The shooting continued for quite some time (an hour or two), and at times I even drifted off to sleep. Suddenly it became quiet. The door was opened from the outside, and there in the doorway stood German soldiers pointing guns at us.
We were guarded until late afternoon, and then ordered to return to the city of Dvinsk. It was getting dark and the city was on fire. Our group was all from
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Janova. We had stuck together since the day before when we first arrived at Dvinsk, and now we found an abandoned basement and waited anxiously what was to follow.
We stayed in that basement until Sunday, June 29. On that morning notices appeared on the walls, fences, etc., informing the populace that all Jewish males were to appear at the market place. Any Jew who failed to report would be punished by death.
After all the Jews assembled, we were marched down to the prison year, where for the next several hours, we went through a frightening and humiliating experience which was later to become quite commonplace, but at that time was like a wild nightmare. The Germans made, what they called, some sport.
Eventually, my brother and some other boys who were very young were allowed to leave, but we were all herded into the prison, jammed 15 or 16 in a small cell.
The Gate of Death
Wednesday, July 9, we were not let out from our cell on the 3rd (top) floor, but we could hear people being moved from the lower floors early in the morning. We could also hear what sounded like shots, but assumed that it was the backfiring of truck engines. Eventually, our cell was opened, and we on the last half of the third floor were herded down to the basement, where we were made to stop, and told to empty our pockets of all our personal belongings. So it was that we were passing through two mounds of belongings, at least two feet high, running parallel to both walls of the hallway.
When we were taken out in the yard, we were towards the end of a long column of men, divided up into groups of 21, each group guarded separately. We were moving ahead very slowly. Every few minutes the iron gate at the other end of the yard would open and the group next in line would be led in the park adjoining the prison yard. There was now absolutely no doubt. We were being killed, all of us, systematically and orderly. Every time a group was led through the gate, the shooting was heard, loud and clear, the following group was given shovels, and so it went on. We knew then that each group, before being shot, had to cover with ground, the bodies of the previous group.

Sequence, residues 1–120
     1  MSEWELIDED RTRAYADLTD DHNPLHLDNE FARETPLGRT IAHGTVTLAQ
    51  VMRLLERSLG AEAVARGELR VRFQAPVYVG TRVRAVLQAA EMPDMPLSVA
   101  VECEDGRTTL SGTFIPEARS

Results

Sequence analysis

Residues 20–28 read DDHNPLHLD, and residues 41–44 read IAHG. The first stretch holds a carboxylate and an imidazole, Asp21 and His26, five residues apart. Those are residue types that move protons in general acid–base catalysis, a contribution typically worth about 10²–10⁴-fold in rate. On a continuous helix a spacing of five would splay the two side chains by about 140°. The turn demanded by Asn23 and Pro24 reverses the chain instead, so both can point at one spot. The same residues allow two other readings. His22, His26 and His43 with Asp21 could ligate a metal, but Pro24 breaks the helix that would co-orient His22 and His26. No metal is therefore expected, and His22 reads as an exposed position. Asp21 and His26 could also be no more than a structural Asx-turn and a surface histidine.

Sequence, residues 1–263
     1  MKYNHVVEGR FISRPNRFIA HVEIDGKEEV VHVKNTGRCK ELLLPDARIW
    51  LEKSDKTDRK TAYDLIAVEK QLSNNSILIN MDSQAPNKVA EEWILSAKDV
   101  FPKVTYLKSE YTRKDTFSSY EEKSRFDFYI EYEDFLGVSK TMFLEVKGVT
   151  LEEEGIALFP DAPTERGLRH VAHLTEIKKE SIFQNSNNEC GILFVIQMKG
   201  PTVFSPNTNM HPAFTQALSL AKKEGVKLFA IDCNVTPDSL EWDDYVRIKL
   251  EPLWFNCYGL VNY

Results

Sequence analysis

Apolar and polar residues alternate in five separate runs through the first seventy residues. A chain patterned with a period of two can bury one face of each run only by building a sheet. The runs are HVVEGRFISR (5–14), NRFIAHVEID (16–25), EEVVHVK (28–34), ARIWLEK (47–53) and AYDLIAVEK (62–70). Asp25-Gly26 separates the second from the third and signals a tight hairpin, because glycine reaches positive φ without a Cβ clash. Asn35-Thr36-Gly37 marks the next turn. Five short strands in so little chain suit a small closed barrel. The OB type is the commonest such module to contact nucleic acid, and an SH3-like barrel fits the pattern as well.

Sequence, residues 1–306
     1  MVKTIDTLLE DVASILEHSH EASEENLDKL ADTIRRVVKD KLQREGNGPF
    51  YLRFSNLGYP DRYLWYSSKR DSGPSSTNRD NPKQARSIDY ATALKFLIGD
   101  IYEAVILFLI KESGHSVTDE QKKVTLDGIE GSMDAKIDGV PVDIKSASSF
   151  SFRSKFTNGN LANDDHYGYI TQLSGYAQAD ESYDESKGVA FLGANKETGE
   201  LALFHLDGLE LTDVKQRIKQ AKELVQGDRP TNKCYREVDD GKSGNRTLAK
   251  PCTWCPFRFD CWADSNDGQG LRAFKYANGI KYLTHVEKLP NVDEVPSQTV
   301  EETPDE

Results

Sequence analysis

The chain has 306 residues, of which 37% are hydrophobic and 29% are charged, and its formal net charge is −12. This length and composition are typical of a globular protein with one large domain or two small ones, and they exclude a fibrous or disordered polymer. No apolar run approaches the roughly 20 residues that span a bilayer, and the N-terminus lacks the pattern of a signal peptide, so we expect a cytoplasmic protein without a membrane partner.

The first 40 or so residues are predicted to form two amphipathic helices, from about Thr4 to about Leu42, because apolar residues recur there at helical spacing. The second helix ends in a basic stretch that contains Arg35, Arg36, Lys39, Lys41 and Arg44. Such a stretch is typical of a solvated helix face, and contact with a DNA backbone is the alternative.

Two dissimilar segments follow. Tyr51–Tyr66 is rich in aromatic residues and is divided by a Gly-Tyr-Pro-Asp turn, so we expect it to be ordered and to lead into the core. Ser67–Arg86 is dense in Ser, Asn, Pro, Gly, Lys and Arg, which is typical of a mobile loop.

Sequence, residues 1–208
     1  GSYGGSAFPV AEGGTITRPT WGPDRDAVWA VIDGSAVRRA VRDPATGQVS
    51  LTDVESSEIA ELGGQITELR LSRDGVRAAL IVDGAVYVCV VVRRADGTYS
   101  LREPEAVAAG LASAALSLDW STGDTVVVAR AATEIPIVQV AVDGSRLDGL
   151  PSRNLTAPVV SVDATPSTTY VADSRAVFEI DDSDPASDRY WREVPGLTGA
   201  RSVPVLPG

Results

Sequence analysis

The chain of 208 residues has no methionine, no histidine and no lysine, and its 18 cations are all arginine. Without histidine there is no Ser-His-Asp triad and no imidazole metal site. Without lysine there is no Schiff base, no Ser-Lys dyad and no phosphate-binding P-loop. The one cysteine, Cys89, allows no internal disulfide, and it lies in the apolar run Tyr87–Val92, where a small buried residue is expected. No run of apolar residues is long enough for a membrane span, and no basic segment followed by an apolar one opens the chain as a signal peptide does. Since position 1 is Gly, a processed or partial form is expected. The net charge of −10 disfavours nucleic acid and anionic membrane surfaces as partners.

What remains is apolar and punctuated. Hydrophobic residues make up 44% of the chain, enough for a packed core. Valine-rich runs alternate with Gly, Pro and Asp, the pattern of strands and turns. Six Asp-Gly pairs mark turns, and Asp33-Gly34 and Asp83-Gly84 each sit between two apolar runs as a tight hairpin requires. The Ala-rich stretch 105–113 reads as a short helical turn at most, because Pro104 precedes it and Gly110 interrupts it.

As the day progressed, it became very hot. The sky was clear and the sun was like a fiery ball. I was sweating profusely, and the line was moving ever so slowly, but inevitably, ever closer did we approach the gate. That iron gate represented to me the end, death.
Except for the continuous sound of shooting, there was no sound, we were all very quiet. I could see he steady stream of traffic on the highway, spectators watching. Since the road at this point was much higher than the prison walls, German officers with their girlfriends could watch the drama like in an amphitheater.
There were then quite a lot of Janover in Dvinsker prison all of us who tried to escape and were stuck here. Many had actually made it to the Russian border but were not allowed to cross into Russia, and returned to Dvinsk. That morning when we were herded down from our cells, many of us Janover instinctively
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gravitated together, so that in our group there were quite a few Janover, among them Shmulke Palec and Froike Millner. Now, as we were slowly approaching the end, I felt so very thankful to be with people I knew. I remember thinking at least Ruvke is in town, he might survive, and it would have been so much harder to die among strangers.
We said goodbye to each other, but could hardly talk because of the choking feeling, the lump in one's throat that each of us felt. One man suggested that we should try to kill a few Germans before dying. The idea was abandoned when another man called attention to the Jewish women and children who lived in town, Think of what the Germans will do to them then. Everything was too sudden, too fantastic to consider logically. Rather certain thoughts passed by. We were seeing this event, this thing that was happening to us as something singular. The Germans are enraged because they believe that the Jews have burned Dvinsk, and this was some sort of a pogrom.
It was close to noon by the time the group before us was marched through the gate. We were the next in line, and behind us there were only perhaps 300 still alive. Waiting there for the gate to open for us, with the last seconds of life ticking away, I was conscious of the profound and unique experience I was going through, and the thought recurred to me again and again, If only I could tell somebody about this.
At last the gate opened. The SS man who came out discussed something with our guards, and we were given an order to turn around! We were marched back to the prison together with the rest of the column that was waiting in line behind us. It seemed like a miracle, there was a glimmer of hope.
A few hours later we were all marched out again, passed through the gate of death, and found ourselves in the park. We were divided into two parts. The people of the one group had to run around over freshly filled up trenches and trample down the ground. We, the other group received shovels and were made to dig fresh trenches. It was very clear they had run out of ditches and we were digging our own graves.